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  • Profile picture of the author WEBGEEK
    Good informative post. Nice to know about new google updates
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  • Profile picture of the author ecofriend
    Banned
    Content Spinning means to use the same Content Published over Web with A minor Changing with Post . It time to pay with huge DE-ranking if you do so because Panda new update 3.9 is comes . Be careful and use only Unique Content while Posting .Thanks
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  • Profile picture of the author Jacob Sterbenk
    I don't believe spun content is dead - the only thing that is dead is terribly spun content, that is unreadable. If content is well spun (many synonyms for each word/phrase, sentence and paragraph level spun and the result is well readable) and if there aren't too many generated versions available, there is no algorithm on earth that could detect it. Why? Because well spun content is the same as well rewritten content and I don't believe that Google will start treating rewritten content as duplicate, because we would then loose 95% of online content that is now considered unique.
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    Jacob Sterbenk, JV Manager
    http://www.spinrewriter.com/
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    • Profile picture of the author Capbell
      Originally Posted by Jacob Sterbenk View Post

      I don't believe spun content is dead - the only thing that is dead is terribly spun content, that is unreadable. If content is well spun (many synonyms for each word/phrase, sentence and paragraph level spun and the result is well readable) and if there aren't too many generated versions available, there is no algorithm on earth that could detect it. Why? Because well spun content is the same as well rewritten content and I don't believe that Google will start treating rewritten content as duplicate, because we would then loose 95% of online content that is now considered unique.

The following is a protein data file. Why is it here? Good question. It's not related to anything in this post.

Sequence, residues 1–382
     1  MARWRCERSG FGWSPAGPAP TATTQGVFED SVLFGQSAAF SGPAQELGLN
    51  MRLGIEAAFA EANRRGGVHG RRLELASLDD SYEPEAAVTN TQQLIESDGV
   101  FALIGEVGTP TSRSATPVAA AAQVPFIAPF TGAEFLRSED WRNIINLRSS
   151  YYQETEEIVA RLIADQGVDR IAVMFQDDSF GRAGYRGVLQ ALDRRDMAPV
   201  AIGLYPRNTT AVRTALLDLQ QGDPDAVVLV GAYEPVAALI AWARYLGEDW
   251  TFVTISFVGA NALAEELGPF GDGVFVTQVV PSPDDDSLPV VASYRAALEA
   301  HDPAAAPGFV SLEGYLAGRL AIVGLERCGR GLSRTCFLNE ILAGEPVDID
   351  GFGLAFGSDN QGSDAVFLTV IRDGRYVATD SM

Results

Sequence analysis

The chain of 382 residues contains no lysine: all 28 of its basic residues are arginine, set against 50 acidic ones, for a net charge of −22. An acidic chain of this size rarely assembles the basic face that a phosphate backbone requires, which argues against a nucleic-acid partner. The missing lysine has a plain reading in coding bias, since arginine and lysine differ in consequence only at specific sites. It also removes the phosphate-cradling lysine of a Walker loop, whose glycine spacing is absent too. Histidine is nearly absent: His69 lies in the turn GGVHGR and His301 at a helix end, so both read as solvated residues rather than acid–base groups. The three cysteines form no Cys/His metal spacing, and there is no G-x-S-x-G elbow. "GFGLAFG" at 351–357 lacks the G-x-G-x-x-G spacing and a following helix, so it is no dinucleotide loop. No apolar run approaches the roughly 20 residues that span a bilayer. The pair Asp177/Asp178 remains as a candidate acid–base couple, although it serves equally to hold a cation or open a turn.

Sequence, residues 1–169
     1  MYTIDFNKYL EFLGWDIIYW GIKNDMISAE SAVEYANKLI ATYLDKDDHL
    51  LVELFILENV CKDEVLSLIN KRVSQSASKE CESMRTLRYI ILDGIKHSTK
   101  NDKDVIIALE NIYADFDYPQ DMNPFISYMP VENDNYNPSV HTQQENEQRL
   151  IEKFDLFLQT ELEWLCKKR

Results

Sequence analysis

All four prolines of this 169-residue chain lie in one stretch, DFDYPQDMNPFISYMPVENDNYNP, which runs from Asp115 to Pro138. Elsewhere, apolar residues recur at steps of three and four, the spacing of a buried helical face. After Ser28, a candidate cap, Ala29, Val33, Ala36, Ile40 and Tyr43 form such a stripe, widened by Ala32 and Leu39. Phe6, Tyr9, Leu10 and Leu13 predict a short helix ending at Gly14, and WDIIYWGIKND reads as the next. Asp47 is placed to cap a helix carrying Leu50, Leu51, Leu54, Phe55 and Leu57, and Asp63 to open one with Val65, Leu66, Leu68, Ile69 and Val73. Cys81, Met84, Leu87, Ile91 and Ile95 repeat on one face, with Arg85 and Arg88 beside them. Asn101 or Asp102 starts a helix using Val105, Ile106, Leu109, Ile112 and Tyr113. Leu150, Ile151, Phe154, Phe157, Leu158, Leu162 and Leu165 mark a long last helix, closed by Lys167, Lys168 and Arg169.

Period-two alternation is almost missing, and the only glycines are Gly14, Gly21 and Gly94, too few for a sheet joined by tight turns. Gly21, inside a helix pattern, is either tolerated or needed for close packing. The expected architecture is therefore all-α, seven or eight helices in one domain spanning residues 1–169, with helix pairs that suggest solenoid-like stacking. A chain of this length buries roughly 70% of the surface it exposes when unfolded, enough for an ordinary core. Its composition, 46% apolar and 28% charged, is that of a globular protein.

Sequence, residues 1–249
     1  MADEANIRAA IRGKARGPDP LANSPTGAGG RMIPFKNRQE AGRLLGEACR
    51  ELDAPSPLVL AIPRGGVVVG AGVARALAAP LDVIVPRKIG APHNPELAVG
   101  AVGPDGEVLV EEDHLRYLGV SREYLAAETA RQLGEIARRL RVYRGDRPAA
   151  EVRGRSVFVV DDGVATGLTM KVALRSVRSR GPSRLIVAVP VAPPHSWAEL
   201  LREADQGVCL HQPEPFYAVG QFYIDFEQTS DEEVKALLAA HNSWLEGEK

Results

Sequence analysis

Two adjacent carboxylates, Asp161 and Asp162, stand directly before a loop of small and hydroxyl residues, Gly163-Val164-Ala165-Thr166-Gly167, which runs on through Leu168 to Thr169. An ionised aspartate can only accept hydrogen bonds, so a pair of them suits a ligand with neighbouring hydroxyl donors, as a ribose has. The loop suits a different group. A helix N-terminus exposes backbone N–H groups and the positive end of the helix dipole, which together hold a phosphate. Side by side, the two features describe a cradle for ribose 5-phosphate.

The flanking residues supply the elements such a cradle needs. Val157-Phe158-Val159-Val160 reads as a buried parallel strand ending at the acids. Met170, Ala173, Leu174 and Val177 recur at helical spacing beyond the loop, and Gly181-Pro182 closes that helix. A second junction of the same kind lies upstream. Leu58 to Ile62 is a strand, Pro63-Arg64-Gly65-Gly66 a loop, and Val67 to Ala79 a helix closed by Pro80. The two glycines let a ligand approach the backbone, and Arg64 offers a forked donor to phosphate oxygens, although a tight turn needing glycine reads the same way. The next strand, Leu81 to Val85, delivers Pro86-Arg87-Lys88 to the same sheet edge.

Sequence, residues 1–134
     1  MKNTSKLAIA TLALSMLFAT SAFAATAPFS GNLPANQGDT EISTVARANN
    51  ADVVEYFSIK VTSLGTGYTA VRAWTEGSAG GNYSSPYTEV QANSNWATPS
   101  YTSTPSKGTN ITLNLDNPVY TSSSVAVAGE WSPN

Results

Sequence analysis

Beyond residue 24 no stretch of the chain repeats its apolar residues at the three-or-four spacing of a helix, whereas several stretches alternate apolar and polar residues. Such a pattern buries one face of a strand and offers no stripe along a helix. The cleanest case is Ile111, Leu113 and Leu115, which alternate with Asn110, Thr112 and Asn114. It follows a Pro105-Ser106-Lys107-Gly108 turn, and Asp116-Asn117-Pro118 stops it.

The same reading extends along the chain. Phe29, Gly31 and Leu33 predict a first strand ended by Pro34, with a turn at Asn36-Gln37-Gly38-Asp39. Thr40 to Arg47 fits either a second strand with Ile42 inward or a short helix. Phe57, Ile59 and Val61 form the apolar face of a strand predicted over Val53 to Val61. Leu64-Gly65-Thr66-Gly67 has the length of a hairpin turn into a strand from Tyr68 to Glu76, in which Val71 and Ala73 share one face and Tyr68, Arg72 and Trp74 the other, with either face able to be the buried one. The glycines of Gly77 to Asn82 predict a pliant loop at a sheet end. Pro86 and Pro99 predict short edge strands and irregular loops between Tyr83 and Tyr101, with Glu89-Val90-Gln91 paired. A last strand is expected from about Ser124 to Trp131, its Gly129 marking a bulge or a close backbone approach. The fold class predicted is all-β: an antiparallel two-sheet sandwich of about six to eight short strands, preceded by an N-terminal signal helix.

If software can create "spun" content, other software can analyse and know if it is spun or unspun content. The biggest mistake spinners make is that they spin their own content. As someone with experience in programming, I can tell you that comparing text to find relationships is not difficult. Especially when it's all on a plate for Google to analyse (Compare articles on site with articles from backlinks)

      Stop sticking your head in the sand. Sooner or later Google will go after spinners, I'm sure when it happens people will come here bitching and moaning - "But my spinning was 95% unique, omg I hate Google, what do they want!?"

      The changes Google made in June/July are testament to the fact that they WILL hunt down spinners. Change your ways before it is too late.
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  • Profile picture of the author brettb
    You can LSI all you want, but the fact is that many niches are becoming saturated, so Google is having to become ever more ruthless.

    I think niche sites have had their day, unless you can find a new untapped niche (of which there are many).

    Here's what I'm doing:

    1. Killing off a Wordpress blog, and turning it into a FORUM.
    2. Building up my membership site, which is starting to rank well, and should always rank well, because it delivers on what the user is looking for.
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  • Profile picture of the author VivekThakur
    Google never tolerate similar or weak content so please avoid content sniping. Its good to website have a fresh content.
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    Enjoy Life.

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  • Profile picture of the author Jose Princely
    Hey cool! I hate content spinning and it is nice to hear.. Thanks for the info bro. Though it is a old news.. I did not hear about it..
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  • Profile picture of the author VictorNST
    "If I'm trying to rank for the keyword car, I simply break the car down into every single detailed car part."

    i love this example =D Get some new idea in this reply =3